Jonathan Demme (Silence of the Lambs) is going to adapt Dave Eggers’ post-Hurricane Katrina nonfiction book, â€œZeitounâ€. That’s not the interesting bit. Zeitoun is a wonderful book and an incredible story of tragedy, perseverance, and hope, and will likely make for a great movie. The strange part of this news is the medium Demme is going to use: the movie will be animated.
Zeitoun is the story of Abdulrahamen Zeitoun, a successful Syrian-born handyman and contractor living in New Orleans. He came to the US, built himself up from nothing, and is the embodiment of the American Dream. During Katrina he remained in New Orleans to keep an eye on his home and business. In the wake of the disaster he paddled a canoe through the flooded streets of his adopted home, rescuing people, checking on his neighbors, and even feeding a couple of stranded dogs. Eventually he was arrested as a terrorist and looter, and detained in horrendous conditions while his frantic family tried to track him down.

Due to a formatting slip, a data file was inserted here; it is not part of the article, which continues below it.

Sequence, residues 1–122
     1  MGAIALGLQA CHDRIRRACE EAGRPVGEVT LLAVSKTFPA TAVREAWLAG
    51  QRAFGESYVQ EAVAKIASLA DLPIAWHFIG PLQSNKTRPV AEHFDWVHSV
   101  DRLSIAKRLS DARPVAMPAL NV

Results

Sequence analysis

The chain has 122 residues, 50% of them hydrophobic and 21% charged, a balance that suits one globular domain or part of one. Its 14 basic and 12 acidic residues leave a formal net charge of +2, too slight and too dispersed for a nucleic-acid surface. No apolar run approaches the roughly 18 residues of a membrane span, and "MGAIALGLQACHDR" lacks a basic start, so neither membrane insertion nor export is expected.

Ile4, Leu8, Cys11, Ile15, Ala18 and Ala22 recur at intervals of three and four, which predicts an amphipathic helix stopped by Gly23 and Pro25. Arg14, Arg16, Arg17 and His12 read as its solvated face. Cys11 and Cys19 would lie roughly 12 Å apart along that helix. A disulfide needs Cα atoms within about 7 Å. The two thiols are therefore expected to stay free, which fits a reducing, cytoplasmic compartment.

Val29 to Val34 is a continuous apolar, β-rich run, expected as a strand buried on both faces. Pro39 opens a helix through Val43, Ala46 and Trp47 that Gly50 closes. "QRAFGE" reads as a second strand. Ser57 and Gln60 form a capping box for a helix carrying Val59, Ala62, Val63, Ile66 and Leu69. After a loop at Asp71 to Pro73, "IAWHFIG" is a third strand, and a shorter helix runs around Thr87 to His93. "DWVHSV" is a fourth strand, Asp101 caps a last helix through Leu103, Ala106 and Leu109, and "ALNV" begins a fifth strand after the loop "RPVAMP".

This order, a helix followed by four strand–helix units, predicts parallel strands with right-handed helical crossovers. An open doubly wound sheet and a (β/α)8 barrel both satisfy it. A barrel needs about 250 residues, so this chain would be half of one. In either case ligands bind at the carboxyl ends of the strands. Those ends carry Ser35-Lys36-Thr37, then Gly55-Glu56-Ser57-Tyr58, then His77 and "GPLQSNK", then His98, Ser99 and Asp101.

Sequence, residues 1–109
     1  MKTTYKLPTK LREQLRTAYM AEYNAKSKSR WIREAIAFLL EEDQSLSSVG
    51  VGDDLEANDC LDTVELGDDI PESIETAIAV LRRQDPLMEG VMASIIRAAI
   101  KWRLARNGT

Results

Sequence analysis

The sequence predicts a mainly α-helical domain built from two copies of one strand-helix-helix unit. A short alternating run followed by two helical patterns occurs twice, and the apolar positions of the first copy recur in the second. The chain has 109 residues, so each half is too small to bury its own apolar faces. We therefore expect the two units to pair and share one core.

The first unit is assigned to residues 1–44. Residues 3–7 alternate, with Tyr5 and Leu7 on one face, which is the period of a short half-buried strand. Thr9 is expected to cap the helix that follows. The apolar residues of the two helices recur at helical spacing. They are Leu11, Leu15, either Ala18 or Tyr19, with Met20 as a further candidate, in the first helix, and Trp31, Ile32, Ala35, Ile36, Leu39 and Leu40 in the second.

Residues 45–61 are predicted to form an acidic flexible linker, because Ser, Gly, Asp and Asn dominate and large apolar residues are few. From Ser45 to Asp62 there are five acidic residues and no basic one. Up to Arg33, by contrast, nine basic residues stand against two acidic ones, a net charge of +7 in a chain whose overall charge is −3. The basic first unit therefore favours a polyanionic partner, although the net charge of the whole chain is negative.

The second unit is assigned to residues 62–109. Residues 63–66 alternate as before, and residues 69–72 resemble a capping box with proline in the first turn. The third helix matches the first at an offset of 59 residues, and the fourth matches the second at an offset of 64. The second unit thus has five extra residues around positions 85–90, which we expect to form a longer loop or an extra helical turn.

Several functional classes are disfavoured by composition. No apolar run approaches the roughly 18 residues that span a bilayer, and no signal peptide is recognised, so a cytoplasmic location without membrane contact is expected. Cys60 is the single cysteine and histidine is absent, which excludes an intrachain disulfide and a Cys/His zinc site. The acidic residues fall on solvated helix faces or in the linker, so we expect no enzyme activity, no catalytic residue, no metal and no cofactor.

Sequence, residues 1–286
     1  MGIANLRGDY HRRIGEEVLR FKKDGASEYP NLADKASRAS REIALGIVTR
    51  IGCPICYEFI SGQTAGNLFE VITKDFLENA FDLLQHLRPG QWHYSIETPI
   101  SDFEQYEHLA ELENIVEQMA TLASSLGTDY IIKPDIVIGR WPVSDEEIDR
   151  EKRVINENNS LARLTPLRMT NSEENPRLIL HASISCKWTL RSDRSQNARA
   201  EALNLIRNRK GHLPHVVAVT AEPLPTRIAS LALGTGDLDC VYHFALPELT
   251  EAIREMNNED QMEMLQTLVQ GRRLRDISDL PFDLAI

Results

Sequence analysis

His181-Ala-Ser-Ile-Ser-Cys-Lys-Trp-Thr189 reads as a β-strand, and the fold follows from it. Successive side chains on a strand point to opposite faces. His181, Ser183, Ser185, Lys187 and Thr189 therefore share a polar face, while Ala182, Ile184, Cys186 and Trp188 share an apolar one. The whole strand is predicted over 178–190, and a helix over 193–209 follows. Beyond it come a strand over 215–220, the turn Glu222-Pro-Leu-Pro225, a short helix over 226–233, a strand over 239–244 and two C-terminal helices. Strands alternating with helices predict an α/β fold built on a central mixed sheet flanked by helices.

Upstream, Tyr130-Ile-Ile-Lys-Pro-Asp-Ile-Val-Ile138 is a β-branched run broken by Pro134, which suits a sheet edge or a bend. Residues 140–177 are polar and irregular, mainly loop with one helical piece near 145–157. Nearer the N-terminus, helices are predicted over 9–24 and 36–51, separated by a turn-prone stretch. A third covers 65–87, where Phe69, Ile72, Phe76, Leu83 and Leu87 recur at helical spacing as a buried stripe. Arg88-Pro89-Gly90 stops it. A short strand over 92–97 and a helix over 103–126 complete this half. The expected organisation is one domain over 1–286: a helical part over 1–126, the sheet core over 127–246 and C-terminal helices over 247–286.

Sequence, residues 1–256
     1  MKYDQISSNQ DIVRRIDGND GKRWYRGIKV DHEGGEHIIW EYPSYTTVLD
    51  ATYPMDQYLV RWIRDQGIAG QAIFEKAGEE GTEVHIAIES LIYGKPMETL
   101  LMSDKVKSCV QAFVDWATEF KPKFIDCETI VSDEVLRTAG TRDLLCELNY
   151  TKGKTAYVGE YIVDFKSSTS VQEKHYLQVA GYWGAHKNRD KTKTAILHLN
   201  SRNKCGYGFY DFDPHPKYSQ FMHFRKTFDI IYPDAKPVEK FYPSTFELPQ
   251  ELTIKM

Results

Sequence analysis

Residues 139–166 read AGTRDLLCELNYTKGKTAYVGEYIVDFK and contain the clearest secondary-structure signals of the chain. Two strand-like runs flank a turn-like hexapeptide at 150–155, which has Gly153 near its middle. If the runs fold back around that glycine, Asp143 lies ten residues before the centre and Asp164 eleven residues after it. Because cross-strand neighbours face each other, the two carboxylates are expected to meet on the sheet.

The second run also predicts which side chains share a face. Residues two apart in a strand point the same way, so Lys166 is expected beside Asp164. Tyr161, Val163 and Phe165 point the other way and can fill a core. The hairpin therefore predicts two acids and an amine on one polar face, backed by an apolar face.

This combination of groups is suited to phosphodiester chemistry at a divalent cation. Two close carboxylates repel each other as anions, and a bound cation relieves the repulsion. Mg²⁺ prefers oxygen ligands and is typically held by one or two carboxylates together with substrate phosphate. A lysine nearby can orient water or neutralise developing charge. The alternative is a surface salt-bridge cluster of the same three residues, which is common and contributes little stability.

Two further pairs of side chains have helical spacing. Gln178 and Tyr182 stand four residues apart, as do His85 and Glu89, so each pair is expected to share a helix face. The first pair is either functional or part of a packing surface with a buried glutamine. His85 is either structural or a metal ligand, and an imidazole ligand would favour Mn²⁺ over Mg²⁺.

The cover of Eggars’ (A Heartbreaking Work of Staggering Genius) books features a simple, elegant drawing of Zeitoun in his canoe. I hope Demme retains this style for the animation. It would be difficult and expensive to replicate that sort of destruction on screen, but it isn’t hard to imagine the scenes rendered in this fashion. I can easily picture Zeitoun holed up in his house during the chaos of the storm, or gliding through the strangely silent streets of his waterlogged neighborhood in his aluminum canoe. They could take what is already a poignant narrative and create something breathtaking, and set the film apart from the glut of other post-Katrina movies and documentaries.
Production is moving forward, with an eye on a 2014 release. French company MK2 will foot the $15 million bill.